- On your exhale, drop your stomach, and oppositely bend your back, so your belly button is pulled to the ground. Bringing your gaze slightly below the sky. Here you want to tuck your toes under your feet.
- Continue switching between the two for 3-5 breaths.
Yoga Poses Runners Should Avoid Or Make Modifications
While yoga can be great for runners, you want to make sure that you do not do any poses that may be pushing your body into a position that could cause an injury or pain that impacts your running.
While you should determine which poses feel right and which feel uncomfortable, here are some poses you may want to skip or choose to modify.
Since many runners have tight hips or knees, this pose may cause a lot of pain. As a result of the pain, you are likely to push up into your back instead of stretching your glutes. To avoid this, keep your hands on the ground, or push yourself up with your fingers. Also, keep the foot at the front pushed into the floor to stabilise you. If you feel a pinch in your hip or knee, though, it may be best to skip this pose.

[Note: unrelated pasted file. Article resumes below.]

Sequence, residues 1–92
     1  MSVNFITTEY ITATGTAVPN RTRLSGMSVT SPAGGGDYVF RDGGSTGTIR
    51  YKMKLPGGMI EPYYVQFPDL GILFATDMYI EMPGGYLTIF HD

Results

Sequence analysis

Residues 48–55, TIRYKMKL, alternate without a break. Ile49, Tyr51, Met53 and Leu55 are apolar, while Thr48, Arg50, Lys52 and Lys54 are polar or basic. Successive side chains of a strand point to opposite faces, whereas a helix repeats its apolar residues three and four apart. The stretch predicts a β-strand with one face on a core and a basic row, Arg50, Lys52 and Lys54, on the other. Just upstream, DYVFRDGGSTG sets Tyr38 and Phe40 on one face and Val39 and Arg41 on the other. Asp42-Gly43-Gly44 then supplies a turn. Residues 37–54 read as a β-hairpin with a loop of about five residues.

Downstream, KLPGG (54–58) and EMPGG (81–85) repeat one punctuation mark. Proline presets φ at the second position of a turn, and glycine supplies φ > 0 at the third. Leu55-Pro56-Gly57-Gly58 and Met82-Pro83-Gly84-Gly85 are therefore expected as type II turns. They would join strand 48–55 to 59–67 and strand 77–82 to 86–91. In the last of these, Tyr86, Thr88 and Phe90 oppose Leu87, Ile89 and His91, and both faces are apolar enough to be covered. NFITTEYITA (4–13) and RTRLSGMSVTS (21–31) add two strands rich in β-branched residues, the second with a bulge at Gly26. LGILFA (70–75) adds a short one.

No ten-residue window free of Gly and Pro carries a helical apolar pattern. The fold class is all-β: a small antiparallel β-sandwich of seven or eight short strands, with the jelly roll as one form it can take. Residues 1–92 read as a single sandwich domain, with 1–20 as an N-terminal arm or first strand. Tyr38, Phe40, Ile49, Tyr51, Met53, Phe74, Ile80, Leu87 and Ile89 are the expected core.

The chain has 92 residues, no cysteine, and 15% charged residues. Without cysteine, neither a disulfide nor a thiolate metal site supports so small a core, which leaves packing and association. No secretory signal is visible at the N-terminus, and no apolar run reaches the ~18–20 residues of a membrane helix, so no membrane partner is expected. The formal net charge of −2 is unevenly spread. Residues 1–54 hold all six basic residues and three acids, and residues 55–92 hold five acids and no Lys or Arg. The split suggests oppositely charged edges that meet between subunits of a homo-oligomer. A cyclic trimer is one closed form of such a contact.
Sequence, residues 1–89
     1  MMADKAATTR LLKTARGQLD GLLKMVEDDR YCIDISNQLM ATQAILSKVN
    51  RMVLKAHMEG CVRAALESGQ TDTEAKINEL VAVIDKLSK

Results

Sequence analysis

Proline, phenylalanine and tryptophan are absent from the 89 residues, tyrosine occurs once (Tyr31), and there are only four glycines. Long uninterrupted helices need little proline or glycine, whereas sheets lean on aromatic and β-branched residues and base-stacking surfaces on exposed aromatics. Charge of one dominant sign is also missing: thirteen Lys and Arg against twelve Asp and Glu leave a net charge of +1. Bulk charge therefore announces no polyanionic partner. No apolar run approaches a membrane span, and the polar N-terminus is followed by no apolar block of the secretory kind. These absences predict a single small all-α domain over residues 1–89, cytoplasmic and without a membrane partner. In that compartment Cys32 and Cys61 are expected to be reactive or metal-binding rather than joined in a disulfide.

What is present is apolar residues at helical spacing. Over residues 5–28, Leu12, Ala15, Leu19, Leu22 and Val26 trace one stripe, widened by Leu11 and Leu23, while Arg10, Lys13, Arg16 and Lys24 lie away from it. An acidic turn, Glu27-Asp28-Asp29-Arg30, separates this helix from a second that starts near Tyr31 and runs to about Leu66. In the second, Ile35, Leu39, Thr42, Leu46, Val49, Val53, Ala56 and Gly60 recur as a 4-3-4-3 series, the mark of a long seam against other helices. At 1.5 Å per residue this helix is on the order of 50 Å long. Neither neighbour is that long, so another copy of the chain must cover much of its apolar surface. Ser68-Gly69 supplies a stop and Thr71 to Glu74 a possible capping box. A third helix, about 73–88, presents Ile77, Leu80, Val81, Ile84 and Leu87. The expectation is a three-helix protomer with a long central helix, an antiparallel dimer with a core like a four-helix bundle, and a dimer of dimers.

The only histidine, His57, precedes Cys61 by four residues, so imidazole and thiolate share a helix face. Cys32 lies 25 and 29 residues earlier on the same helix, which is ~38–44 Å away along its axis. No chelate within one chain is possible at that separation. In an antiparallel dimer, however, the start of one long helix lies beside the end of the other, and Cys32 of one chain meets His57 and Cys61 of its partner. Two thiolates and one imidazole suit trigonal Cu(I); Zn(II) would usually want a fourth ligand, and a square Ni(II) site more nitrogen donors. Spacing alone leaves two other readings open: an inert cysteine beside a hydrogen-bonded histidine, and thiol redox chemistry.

Since you are crossing your arms in this pose, you will be putting a lot of pressure on your joints. When you do this pose, opt to slowly move into it and not push yourself into the position if you need to force yourself.
Sitting on the back of your feet can be bad news for runners. Opt to sit on a block instead is a better option or skipping these types of poses entirely.
When you lunge, you can end up putting too much stress on your lower back. So, make sure you create lower back and pelvis stability by pushing both your feet into the ground. Helping you to stretch your hip instead of feeling lower back pressure.
While it may feel like a pose for your legs, it is meant to be one that keeps your glutes engaged. In this pose, avoid sinking into your front hip, as you can be at risk for a tear
This pose can cause injury in anyone and can seriously cause you to injure your neck or spine. So it is best to avoid these as a runner unless you feel confident in your strength and have help from a yoga instructor.
If you are an regular runner and want to try something different from your typical training, yoga is a great option. It provides you with opportunities to build your strength and develop better balance. You can also increase your flexibility and mobility if you choose to be consistent. It also is a great way to stretch out your body as running can take a toll on your muscles.
However, keep in mind the poses that you need to avoid or modify. You don't want to risk injury or cause any unnecessary pain that can hinder your ability to run.